Wednesday night, the world learned of the passing of baseball legend Tom Seaver. He was 75.
For me, someone born in 1999, there’s not much I can say about Seaver that isn’t a second-hand account. Seaver’s final game was 13-years prior to when I was born, so I know what others have told me about him both directly and online.
I’ve seen some clips of him playing. I’ve watched a couple of the games from the 1969 World Series Championship run. I’ve seen video of him talking about his craft. I’ve seen video of him dominating batters. I’ve seen video of his back knee scraping the ground during his motion.
But I never got to see him live. I wish I could have.
My memory of Seaver is from 2008, when he closed out Shea Stadium with my childhood idol, Mike Piazza.
Piazza was to me what Seaver was to my dad — the superstar on the Mets when we were first exposed to the team. My dad was 1 year old when Seaver and the Mets went to the World Series in 1969. I was 1 when Piazza and the Mets went to the World Series in 2000.
Being able to attend the final game at Shea Stadium and watch Seaver throw the final pitch at Shea to Piazza alongside my dad was something special. At a couple of days shy of nine years old I may not have realized it then, but looking back on it now I understand how momentous of an occasion that was.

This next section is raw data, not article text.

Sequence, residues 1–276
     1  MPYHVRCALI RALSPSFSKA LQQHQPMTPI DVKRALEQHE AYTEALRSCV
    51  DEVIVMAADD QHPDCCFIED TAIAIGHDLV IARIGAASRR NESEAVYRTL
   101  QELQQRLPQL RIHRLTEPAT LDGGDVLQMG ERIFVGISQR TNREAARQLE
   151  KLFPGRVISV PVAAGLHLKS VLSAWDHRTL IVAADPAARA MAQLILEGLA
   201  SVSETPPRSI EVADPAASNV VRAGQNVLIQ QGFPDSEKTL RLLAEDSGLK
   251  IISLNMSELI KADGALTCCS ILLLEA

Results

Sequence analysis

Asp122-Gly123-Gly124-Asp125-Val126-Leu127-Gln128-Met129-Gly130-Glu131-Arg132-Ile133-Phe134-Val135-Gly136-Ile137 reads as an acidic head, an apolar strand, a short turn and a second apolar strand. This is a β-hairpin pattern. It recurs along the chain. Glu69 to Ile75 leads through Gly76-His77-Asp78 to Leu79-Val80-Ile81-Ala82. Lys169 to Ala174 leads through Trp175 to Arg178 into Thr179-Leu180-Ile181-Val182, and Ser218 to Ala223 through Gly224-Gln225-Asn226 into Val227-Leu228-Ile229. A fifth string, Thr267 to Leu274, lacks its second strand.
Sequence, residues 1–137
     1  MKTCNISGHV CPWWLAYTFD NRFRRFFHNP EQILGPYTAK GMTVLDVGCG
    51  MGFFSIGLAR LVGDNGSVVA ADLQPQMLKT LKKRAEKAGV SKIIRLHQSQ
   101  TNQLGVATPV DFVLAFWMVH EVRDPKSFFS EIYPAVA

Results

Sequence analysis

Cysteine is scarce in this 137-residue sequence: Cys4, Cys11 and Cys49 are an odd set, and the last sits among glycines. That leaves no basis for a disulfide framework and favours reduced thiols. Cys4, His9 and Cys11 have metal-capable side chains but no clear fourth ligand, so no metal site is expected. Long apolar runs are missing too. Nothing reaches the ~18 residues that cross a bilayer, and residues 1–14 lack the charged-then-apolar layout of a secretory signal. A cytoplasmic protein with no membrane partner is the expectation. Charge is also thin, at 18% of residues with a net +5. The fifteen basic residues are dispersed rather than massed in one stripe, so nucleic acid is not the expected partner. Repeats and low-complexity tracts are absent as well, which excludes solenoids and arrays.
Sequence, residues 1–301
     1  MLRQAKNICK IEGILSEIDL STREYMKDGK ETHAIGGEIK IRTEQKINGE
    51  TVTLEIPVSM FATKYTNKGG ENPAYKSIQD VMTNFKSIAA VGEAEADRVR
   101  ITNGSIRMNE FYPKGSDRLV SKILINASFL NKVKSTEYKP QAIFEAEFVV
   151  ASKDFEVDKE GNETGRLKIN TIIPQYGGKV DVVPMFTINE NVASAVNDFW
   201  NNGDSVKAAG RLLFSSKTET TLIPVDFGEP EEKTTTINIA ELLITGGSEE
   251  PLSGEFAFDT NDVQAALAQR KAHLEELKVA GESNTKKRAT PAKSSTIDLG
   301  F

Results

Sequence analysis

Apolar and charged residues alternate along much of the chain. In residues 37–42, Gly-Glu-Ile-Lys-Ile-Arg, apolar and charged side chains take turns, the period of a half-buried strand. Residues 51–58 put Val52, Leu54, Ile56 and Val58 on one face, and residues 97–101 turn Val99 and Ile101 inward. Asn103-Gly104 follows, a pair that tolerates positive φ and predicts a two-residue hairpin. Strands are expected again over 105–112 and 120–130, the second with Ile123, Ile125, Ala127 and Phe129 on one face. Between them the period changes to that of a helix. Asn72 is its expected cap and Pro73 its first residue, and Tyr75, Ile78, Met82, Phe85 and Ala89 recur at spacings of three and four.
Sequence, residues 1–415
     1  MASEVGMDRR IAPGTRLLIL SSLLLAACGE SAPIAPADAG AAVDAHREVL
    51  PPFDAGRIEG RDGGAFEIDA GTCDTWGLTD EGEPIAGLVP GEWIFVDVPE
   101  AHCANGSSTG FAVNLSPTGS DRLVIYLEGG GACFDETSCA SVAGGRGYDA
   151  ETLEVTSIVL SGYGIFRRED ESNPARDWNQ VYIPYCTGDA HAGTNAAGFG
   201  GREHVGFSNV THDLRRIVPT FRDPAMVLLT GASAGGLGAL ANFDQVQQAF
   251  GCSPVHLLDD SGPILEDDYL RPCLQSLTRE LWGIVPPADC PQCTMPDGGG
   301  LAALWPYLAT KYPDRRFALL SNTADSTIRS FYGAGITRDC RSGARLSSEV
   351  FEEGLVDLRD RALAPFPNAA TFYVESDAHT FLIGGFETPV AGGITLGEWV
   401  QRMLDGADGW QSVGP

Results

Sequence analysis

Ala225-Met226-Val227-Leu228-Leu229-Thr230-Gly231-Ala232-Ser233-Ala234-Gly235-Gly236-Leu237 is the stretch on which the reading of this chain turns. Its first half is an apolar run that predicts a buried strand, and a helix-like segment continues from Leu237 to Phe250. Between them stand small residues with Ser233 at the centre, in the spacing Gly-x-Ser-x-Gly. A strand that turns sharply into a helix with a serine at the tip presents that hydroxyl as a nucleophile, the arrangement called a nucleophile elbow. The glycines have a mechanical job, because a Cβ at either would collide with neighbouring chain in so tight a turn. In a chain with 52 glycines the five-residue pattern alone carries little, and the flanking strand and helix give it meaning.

Seaver is the standard for all Mets players to live up to. For a franchise that has historically been known for its pitching, Seaver was the best of the best. He’s the unquestioned greatest player in the history of the team. He was, as his nickname states, The Franchise.
He was the Rookie of the Year in 1967. He won the NL Cy Young Award in 1969, 1973 and 1975. He made 12 All-Star games.
But most of all, he was the cornerstone of the 1969 Miracle Mets that upset the Baltimore Orioles in five games to win the World Series in the franchise’s eighth season of existence.
Seaver was elected into the National Baseball Hall of Fame in 1992 with 98.8% of votes, the highest percentage ever at the time. That record stood until 2016 when Ken Griffey Jr. received 99.3% of the vote.
Seaver’s a shoo-in for the all-time MLB rotation and an argument can be made for him being the greatest starting pitcher ever.
Universally beloved by Mets fans and respected by baseball fans, the memory of Tom Terrific will live on through fans forever.